A recent study about nuclear radiation has come up with a discovery that could pave the way to knowing more about space, with the help of fungi found growing inside the Chernobyl reactor that exploded decades ago causing the largest nuclear disaster in history.
Space shields and the radiation
Protecting astronauts from deadly cosmic rays is one of the biggest challenges facing manned flights to Mars. Some scientists at different universities have talked about an unconventional solution to this problem by developing shields using a fungus that grows near a Chernobyl reactor that absorbs radiation.
The New Scientist journal stated that the fungus succeeded in blocking some cosmic rays during a test aboard the International Space Station, which represents a hope that guarantees a safe travel in space in the future.
Light shield and the radiation
Researchers from Johns Hopkins and Stanford universities published their study on the Internet last week, stating that a thin layer of swollen streptococcus mushrooms succeeded in blocking 2% of the cosmic rays that fell on them during the test aboard the International Space Station.
Although this is not enough to protect the astronauts, the test was done using a thin layer of fungus that is no more than two millimeters thick. Scientists believe that a layer of 21 centimeters thick of mushrooms is enough to protect astronauts on Mars.
The Journal of the New Scientist reported that researchers studied fixing mushrooms in the tissues of the astronaut’s suits. The ability of the fungus to reproduce is the biggest advantage of the shield because it helps repair damaged parts.
Nils Aversh, co-author of the study, told the New Scientist journal that few grams of fungus are sufficient to develop the shield. He added that the ability of the mushrooms to reproduce helps to repair the affected parts within several days.
Researchers said that these fungi can absorb nuclear radiation as well as harmful cosmic rays, which makes them eligible to protect humans from this deadly radiation, which may open the way for exploration of more space secrets, or even the establishment of future Mars colonies, according to the scientific journal “New Scientist”. The most prestigious British.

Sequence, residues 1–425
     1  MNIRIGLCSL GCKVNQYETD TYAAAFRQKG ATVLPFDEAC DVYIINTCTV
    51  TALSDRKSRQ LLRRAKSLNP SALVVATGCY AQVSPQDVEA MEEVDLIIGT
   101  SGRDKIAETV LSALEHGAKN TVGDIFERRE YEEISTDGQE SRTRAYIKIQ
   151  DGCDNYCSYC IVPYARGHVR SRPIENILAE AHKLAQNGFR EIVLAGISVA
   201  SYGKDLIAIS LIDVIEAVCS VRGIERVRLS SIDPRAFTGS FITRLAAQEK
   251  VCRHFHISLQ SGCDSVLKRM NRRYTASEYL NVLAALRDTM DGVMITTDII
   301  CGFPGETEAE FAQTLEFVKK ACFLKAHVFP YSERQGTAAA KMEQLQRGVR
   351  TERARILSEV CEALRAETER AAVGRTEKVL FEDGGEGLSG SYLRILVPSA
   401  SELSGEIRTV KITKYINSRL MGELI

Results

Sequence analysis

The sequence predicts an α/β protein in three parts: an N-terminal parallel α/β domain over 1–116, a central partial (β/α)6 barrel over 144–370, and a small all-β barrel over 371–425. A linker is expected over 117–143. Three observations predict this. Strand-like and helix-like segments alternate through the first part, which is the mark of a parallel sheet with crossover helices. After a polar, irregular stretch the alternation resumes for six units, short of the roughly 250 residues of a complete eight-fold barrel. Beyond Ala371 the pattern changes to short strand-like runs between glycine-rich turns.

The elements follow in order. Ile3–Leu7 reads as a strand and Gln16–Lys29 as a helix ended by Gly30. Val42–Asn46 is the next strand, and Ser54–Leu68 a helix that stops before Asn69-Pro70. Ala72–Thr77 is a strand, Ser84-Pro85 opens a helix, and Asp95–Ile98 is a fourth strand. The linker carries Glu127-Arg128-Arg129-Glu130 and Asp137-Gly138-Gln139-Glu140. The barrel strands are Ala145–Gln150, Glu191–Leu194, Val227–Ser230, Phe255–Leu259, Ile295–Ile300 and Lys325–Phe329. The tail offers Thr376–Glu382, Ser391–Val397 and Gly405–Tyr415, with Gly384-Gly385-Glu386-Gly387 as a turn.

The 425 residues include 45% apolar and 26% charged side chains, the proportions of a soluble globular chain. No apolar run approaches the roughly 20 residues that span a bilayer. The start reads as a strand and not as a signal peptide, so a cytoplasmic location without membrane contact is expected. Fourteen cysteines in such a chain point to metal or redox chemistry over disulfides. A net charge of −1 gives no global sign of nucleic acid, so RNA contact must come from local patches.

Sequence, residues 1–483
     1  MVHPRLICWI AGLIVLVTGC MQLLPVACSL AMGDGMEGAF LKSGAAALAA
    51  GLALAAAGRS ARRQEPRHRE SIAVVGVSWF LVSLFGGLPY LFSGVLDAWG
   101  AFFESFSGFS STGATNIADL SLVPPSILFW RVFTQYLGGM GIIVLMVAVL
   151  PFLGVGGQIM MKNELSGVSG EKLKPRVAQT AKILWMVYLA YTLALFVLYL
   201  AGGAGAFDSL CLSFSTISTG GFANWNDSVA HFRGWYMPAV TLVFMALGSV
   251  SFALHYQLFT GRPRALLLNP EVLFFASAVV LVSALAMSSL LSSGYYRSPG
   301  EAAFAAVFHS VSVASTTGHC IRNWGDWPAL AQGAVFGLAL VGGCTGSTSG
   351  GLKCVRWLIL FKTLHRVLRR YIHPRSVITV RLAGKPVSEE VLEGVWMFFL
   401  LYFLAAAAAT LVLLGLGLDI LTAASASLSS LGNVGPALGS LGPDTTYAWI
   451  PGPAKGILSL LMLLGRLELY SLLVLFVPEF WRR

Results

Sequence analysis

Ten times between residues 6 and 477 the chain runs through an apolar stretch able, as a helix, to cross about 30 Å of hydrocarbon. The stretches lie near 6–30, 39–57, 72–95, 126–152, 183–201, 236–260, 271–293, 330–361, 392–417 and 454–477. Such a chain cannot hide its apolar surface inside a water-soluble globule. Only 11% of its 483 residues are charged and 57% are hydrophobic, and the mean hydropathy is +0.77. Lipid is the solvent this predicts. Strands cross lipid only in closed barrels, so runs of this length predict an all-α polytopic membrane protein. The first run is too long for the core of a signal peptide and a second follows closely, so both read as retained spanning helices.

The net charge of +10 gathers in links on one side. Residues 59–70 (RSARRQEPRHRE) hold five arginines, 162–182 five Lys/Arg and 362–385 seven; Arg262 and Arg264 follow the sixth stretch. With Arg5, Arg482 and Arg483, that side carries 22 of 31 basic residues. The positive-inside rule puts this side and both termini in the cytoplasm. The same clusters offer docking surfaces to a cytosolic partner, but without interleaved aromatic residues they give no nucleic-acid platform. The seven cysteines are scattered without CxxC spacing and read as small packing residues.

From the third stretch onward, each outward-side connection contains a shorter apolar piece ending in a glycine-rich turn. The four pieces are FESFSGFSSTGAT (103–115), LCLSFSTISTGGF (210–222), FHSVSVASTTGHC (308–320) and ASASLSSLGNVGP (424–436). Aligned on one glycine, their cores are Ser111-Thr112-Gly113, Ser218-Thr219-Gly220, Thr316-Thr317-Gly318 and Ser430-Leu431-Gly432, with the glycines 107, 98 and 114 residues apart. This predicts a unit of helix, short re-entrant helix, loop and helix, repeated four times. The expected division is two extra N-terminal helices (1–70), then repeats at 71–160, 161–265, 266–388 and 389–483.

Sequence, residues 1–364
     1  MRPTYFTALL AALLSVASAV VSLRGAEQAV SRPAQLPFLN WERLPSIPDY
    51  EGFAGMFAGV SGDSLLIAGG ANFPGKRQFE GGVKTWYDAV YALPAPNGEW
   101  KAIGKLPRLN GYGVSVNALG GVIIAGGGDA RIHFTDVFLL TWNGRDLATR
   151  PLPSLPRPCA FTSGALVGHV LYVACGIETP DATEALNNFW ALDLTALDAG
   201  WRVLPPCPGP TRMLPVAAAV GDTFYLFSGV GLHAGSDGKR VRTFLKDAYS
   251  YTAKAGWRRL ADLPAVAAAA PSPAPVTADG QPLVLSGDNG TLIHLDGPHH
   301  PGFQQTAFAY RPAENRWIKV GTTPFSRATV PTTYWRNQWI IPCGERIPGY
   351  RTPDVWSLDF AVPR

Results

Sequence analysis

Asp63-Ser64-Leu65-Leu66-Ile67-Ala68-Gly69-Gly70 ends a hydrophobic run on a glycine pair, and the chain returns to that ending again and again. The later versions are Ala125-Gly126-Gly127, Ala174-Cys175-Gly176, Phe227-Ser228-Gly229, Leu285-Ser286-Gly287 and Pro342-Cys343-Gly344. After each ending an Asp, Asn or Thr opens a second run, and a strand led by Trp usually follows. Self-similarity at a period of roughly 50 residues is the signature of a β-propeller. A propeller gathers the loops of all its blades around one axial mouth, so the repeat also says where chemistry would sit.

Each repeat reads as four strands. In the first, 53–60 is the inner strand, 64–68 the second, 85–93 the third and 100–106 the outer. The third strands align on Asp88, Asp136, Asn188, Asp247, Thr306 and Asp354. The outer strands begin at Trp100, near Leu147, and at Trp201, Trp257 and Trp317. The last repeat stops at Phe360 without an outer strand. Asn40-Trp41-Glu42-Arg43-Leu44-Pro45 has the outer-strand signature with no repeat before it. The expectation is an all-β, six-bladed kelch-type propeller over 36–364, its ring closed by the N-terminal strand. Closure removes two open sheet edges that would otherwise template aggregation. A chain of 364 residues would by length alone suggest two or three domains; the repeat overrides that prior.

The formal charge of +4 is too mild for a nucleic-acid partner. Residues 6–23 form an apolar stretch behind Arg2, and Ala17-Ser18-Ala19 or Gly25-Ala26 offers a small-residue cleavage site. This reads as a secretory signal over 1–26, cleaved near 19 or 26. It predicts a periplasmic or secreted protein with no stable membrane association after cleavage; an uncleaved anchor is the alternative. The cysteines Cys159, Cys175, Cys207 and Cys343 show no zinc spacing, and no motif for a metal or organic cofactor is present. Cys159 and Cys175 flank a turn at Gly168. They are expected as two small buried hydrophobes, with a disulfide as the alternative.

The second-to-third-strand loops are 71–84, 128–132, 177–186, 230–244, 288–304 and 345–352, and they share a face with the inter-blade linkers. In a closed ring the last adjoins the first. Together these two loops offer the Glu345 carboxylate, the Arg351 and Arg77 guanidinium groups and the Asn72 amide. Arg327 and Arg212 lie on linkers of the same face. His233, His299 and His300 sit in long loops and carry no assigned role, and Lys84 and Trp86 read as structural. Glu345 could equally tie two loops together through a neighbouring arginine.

In 1991, 5 years after the Chernobyl disaster, black fungi were found sprouting over the remains of the abandoned reactor walls.
After studying these fungi, scientists discovered that they grow towards radiation as if they were attracted to it, because they contain pigments that allow them to absorb harmful rays and convert them into energy.
These fungi work in the same way that plants convert carbon dioxide into oxygen and glucose in photosynthesis.
Exposure to cosmic rays poses a great danger to astronauts who leave the protective atmosphere of the Earth, and can be protected with shields of steel and other materials, but these materials must be shipped from Earth, which is difficult and expensive.
“What makes fungi a great solution, is that you only need a few grams to start,” said Nils Afrish, a researcher at Stanford University and co-author of the study, for New Scientist, referring to their rapid growth and reproduction.
Afrish noted that the fungi reproduce themselves, and “even with a strong solar flare, you will be able to grow again in a few days.”
The results of the study have not been published yet, leaving the scientific community waiting for the conclusion that could revolutionize human protection from radiation.
The fungus that is known for eating radiation is called Cryptococcus neoformans. This type of fungus was discovered in the abandoned Chernobyl nuclear power plant in Ukraine in the 1990s. The discovery was made by a team of scientists from the Albert Einstein College of Medicine in New York.
The unique ability of this fungus to feed on radiation was found to be due to a process known as radiosynthesis. Radiosynthesis is a metabolic process that allows the fungus to use radiation as a source of energy to grow and reproduce.
Scientists believe that the fungus uses the radiation to convert melanin pigment in its cell walls into chemical energy. Melanin is the same pigment found in human skin and helps protect us from the harmful effects of radiation.
The discovery of Cryptococcus neoformans has led to new research into the potential uses of radiation-eating fungi in bioremediation. Bioremediation is the process of using living organisms to clean up pollution or contamination in the environment.
It is believed that these radiation-eating fungi could be used to clean up radioactive waste in areas such as nuclear power plants, radioactive mines, and even space stations. The fungi could potentially convert the radioactive material into non-toxic compounds, making the areas safer for humans and other living organisms.
Overall, the discovery of Cryptococcus neoformans and its unique ability to eat radiation is an exciting development in the field of bioremediation and could have significant implications for cleaning up contaminated areas around the world.